Here, though, that gaze is rendered moot, so there's no image of cool to live up to. The turtle shell armors and anonymizes so he cuts loose and large. One wonders what kind of miracles Grant could put into, say, a Pixar film. Here it's pretty damn close to that, because some stars just do their persona when doing a voiceover. You won't find, say, Tom Hanks or Will Smith going out on a far limb into madness in their roles, not ever, not like Grant does here. Grant is committed to the madness, like he's reading/acting out a story book for agog infant children while hopped up on mescaline backstage at a 1920's Vaudeville theater, i.e, sublimely.

Amongst the stand-out sights are a king and queen of hearts perfectly gussied to resemble the English pattern playing deck, the king especially looks exactly like him. We've all seen that face since we first learned 'Go Fish' as a child, and suddenly wham here he is, in black and white and surrounded in a curiously 2-D dream space, as if childhood memory, card game, and fever dream had crashed ceremoniously together, as if we're in the primal magic zone from which all the symbols of our lifetime are born. 
And just when you're wondering why they didn't just make this whole thing a cartoon (there was, after all, a Betty Boop version, in 'Blunderland' the following year), a Fleischer animation of "The Walrus and the Carpenter" shows up, providing a nice break from the live action, which by then has settled into miniature golf course tableaux connected by all sorts of surrealistic dissolves, implied drug use, and dotted line followings. Familiar faces and voices buried in the scenery help navigate the off-putting (and rather flatly lit) weirdness, like recognizing an old friend in a throng of strangers during a bad trip moment at a Dead show and then realizing: it might not be them! But then... deciding it is. Lo! Tis old Ned Sparks snarling through his clenched hookah stem jaw as the caterpillar; a strangely sexy Edna May Oliver (w/upturned nose extension) as the Red Queen; Roscoe Karns and Jackie Oakie as the Tweedles; Edward Everett Horton as the Mad Hatter, singing about the tea-trays in the sky (and waving around saucers to make sure we get the UFO connection) ; Charlie Ruggles as the March Hare; Richard Arlen as the Cheshire Cat; W.C. Fields of course as Humpty; Louise Fazenda as the White Queen, looking like a hybrid of Ginger Rogers and the girl in the Eraserhead radiator. Any 'head' will light up when they appear, while apprentice trippers can take a page from Charlotte Henry's Alice, moving from freak tableaux to freak tableaux, size to size, being to being, with an open mind; her deadpan performance never lapses into treacle, camp or obnoxia. Where other would surely cower or freak out or stare rudely or wince in disgust, she just politely notes that things just got "curious." Is it any wonder a nervous sensitive Mad Hatter-type artists like me would worship her? (1)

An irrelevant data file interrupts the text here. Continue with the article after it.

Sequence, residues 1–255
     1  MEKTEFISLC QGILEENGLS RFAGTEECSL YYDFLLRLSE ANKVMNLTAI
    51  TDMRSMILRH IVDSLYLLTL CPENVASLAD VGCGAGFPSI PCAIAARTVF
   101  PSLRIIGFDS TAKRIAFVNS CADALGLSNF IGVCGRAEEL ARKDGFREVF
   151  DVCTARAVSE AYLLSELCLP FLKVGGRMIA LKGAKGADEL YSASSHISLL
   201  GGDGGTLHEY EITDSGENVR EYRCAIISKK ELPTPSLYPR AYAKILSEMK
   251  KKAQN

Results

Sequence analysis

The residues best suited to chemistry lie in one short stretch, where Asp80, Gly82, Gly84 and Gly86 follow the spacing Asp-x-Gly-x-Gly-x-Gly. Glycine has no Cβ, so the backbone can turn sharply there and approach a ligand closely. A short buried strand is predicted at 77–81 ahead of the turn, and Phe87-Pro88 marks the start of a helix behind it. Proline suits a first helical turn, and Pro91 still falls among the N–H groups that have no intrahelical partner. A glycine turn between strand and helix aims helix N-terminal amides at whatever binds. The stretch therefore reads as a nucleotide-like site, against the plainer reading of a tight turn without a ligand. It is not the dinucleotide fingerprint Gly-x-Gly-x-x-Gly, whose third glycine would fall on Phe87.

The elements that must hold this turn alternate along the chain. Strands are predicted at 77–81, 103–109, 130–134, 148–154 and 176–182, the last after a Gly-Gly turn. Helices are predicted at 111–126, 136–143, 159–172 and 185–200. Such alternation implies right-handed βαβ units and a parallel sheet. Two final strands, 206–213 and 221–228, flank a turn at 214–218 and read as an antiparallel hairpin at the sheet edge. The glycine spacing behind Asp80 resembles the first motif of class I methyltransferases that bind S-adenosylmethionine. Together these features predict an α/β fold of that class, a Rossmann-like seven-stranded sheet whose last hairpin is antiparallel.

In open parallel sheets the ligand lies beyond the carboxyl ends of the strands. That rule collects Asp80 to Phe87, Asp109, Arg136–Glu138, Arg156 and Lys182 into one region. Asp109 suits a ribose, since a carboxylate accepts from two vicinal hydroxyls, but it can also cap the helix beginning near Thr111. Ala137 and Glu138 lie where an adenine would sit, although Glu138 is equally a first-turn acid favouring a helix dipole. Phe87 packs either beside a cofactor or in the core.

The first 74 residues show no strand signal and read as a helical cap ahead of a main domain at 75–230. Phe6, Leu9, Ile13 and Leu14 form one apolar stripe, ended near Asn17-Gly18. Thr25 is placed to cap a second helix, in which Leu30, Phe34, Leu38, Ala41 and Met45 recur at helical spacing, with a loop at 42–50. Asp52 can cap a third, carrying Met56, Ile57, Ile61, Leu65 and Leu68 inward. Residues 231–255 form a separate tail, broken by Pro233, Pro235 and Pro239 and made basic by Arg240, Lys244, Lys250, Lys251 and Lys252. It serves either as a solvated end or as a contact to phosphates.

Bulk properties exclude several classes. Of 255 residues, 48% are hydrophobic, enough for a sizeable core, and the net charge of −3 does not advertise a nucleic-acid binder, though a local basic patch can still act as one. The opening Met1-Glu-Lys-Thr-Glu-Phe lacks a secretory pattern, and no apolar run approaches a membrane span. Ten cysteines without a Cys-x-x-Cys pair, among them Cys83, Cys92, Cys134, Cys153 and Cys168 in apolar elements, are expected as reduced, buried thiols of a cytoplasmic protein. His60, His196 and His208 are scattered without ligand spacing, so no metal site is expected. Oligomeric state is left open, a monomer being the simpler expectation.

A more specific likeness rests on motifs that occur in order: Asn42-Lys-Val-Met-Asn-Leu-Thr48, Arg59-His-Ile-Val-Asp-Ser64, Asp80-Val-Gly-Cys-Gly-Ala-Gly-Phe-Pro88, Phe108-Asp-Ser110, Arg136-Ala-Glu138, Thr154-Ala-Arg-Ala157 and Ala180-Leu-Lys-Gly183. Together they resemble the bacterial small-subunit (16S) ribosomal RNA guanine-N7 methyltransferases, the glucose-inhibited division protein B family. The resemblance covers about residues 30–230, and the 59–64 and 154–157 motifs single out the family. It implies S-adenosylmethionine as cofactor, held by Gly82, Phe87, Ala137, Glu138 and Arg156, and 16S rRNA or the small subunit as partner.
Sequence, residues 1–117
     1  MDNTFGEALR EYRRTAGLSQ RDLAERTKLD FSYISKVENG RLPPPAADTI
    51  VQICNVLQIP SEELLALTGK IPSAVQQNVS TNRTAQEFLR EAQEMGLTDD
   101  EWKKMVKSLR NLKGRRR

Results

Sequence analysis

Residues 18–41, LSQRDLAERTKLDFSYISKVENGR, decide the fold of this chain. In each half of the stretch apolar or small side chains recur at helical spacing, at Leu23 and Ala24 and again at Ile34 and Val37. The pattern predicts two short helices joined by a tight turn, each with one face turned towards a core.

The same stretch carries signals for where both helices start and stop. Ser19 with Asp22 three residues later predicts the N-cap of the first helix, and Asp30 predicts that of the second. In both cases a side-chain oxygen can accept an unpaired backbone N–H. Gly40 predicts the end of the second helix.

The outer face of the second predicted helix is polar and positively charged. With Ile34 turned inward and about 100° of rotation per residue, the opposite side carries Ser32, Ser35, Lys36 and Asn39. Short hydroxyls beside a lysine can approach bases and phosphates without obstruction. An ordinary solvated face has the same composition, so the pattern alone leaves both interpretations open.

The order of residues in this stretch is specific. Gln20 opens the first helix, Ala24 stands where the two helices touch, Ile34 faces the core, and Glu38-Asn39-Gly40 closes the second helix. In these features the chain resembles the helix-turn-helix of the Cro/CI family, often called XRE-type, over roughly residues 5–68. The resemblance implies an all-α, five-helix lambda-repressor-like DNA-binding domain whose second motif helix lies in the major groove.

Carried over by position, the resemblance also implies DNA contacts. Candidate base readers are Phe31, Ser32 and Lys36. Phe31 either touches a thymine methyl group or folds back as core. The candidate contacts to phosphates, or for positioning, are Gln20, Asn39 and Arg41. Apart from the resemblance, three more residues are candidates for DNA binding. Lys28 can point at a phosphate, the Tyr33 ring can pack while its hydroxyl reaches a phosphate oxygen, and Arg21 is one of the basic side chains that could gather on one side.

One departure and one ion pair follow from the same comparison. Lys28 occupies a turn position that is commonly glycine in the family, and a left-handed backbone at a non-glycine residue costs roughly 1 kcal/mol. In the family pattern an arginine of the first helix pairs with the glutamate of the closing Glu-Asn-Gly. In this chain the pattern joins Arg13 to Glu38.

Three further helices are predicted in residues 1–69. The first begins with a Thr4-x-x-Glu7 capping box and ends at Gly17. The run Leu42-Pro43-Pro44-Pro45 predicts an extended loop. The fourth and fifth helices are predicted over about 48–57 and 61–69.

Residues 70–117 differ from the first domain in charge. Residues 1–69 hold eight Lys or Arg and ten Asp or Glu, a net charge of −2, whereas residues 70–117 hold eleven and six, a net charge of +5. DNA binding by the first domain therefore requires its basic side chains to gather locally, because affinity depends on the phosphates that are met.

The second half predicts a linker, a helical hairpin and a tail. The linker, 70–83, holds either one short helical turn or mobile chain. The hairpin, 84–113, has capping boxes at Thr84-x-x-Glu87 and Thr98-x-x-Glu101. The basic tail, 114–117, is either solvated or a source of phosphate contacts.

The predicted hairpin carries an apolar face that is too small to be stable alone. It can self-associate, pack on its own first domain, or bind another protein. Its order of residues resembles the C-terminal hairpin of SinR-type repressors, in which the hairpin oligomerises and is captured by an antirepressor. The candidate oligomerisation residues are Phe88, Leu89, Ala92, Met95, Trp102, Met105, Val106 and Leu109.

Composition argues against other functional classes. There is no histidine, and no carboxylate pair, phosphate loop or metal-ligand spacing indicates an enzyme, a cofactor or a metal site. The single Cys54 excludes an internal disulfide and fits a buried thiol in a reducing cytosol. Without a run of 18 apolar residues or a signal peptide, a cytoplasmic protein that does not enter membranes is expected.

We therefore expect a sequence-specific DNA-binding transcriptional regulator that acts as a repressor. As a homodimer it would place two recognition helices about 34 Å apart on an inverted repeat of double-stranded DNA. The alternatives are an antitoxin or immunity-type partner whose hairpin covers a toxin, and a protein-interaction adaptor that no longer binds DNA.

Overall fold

I've had childhood 'too much chocolate' nightmares that look just like this


any similarities to a human ass are maybe coincidental
This is your dinner on drugs --but  play it cool, bro